For reasons of comfort and to avoid panic among travelers, airlines prefer to hide some details of flight operations.
In the name of passenger comfort and above all, to avoid panic on board airplanes, airlines hide some details of their day-to-day operations. They are not secrets per se, as they are data described in manuals and aeronautical regulations, but they are information that companies in the sector prefer to keep without much disclosure.
Did you know, for example, that there are axes hidden in the cabin of airplanes? Or, that flight attendants receive self-defense training to deal with eventual aggressive passengers? These are details that may seem controversial, but they are fundamental to keeping the flights safe.
Find out below some of the main “secrets” of airlines:
Discreet fire alarm
In the event of a fire in the plane’s bathroom, instead of sounding a loud siren, what is heard in the cabin is a discreet alarm that passengers may not even notice. And the goal is just that. The crew, on the other hand, know very well what happens when the alert is triggered. The discreet alarm serves to prevent panic among passengers during the flight, a situation that can make it even more difficult to fight the fire on the plane.
The Captain is the highest authority on the aircraft
The moment the doors of a commercial airline are closed, the ultimate authority on board becomes the captain, even if amount the passengers is a Supreme Court judge or a high-ranking police officer.
The captain can order the arrest of passengers, the removal of potentially dangerous cargo, impose fines and even register the will of a passenger who dies during a flight. In the event of any disagreement with the main pilot, the authority is transferred to the co-pilot.
According to the Aeronautics Code, the authority of the in-flight commander is determined by the owner of the aircraft or the operator of the transport service, in this case the airline.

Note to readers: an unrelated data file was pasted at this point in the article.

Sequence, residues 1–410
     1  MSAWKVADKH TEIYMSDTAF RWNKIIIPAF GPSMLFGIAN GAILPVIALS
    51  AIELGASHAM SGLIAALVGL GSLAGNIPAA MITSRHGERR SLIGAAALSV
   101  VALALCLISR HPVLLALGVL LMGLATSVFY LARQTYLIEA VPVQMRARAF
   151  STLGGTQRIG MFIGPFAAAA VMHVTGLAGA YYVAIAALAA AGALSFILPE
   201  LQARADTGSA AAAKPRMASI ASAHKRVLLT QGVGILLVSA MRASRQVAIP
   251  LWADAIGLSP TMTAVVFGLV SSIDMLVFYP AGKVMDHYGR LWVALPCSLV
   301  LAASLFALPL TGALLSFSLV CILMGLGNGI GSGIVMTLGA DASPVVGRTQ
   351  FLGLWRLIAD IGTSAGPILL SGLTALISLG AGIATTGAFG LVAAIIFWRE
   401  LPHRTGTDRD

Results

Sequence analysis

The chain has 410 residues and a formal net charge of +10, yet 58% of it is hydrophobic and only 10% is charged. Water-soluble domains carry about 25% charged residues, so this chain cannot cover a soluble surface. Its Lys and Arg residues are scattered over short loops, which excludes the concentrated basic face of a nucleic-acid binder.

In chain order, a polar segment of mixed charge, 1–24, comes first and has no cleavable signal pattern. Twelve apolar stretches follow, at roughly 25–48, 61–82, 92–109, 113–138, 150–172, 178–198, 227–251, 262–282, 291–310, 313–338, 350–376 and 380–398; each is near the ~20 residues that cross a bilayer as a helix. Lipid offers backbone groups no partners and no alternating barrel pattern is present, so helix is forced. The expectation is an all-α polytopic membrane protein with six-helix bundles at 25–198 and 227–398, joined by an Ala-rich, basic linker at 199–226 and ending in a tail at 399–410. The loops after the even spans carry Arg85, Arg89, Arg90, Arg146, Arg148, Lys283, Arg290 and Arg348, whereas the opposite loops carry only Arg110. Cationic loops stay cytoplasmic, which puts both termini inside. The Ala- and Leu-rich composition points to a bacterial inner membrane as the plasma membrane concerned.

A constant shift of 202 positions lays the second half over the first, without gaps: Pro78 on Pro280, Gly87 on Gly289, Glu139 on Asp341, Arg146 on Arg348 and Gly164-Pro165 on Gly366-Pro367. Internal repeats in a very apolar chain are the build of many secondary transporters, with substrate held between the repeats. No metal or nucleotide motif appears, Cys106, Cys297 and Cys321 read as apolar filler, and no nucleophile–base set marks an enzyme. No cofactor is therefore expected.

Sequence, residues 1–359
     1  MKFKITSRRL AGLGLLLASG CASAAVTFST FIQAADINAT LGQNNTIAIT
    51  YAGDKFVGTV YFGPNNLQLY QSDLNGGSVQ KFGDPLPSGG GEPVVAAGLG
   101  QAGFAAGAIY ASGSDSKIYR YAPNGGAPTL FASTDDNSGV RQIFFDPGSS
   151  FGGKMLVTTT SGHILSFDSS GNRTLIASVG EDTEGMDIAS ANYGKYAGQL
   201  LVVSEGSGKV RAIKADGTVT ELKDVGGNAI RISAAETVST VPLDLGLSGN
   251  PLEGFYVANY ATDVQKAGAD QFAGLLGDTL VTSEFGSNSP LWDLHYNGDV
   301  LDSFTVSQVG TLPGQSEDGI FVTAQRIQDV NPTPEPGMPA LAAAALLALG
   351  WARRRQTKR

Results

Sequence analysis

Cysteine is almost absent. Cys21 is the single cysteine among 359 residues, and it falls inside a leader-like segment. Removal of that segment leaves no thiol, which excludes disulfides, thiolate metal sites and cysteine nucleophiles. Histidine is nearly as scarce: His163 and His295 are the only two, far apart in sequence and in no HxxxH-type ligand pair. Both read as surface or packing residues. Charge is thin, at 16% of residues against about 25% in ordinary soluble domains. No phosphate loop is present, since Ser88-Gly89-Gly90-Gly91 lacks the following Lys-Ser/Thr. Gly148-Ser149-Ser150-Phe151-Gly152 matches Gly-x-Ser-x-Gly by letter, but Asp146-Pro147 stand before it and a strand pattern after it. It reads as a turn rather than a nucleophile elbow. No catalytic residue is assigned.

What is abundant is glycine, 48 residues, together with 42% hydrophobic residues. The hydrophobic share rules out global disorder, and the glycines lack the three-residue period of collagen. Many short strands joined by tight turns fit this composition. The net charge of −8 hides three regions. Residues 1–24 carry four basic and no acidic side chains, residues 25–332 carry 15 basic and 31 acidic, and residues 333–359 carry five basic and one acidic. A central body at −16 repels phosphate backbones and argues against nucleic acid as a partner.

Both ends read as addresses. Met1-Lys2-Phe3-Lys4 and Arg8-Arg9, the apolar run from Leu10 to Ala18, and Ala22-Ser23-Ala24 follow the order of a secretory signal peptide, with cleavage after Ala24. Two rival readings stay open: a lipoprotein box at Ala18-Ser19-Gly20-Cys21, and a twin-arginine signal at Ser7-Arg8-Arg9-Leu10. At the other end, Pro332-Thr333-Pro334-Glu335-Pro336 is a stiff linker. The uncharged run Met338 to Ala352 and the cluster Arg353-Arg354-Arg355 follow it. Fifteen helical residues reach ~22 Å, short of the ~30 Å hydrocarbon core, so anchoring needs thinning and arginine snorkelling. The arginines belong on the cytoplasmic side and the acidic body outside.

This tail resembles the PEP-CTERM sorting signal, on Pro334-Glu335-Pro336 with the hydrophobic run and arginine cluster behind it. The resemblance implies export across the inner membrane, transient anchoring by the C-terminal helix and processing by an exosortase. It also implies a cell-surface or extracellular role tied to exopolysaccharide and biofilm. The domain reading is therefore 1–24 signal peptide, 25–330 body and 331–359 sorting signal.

Flight attendant train self defense
The work of flight attendants is not limited to just serving meals to passengers or providing guidance on flights. These professionals are also called “flight safety technicians”, as they are responsible for maintaining order and security in the aircraft cabin.
To deal with unruly passengers, flight attendants receive self-defense classes. The most practiced technique among cabin crew is the Krav Maga, a melee combat style of quick and preventive action.
Once restrained, the out-of-control occupant can be handcuffed (yes, there are handcuffs on board planes) and remain tethered to the seat until the end of the trip. In more serious cases, when the situation represents a real risk to flight safety, pilots may be forced to make a landing at an unforeseen airport to deliver the disobedient passenger to the authorities.
Axes in the cabin
Anyone traveling by plane doesn’t even imagine that an ax might be stowed in the luggage compartment. The tool with a sharp blade can be used to fight fires in the cabin or to break down the bathroom door if a passenger tries to block the passage.
The real reason the cabin lights are dimmed
There are still airlines that insist on stating that the aircraft’s cabin lights are dimmed during landing “to save energy”. This is far from true.
This procedure only occurs on night flights and serves as preparation for an eventual passenger evacuation. When lights are dimmed, passengers’ eyes adapt to low light. With vision adjusted, occupants can see better in the dark and find emergency exits through the cabin faster.
Toilets can be unlocked from the outside
Did you know that the bathroom door on airplanes can be easily unlocked from the outside? And you don’t even need to force or use any tools. A small metal plate above the bathroom availability notice hides a simple-to-operate latch.
The feature is used to remove passengers who cause a problem in the bathroom, usually people frightened in emergency situations or undisciplined travelers, such as smokers or even couples who seek, say, different experiences and end up harming those who actually need to use the bathroom.
As a safety measure, the doors of all bathrooms in the plane’s cabin are locked from the outside before each landing. This prevents panicked passengers from entering the restroom in the event of a landing emergency.
This post is based on an article from CNN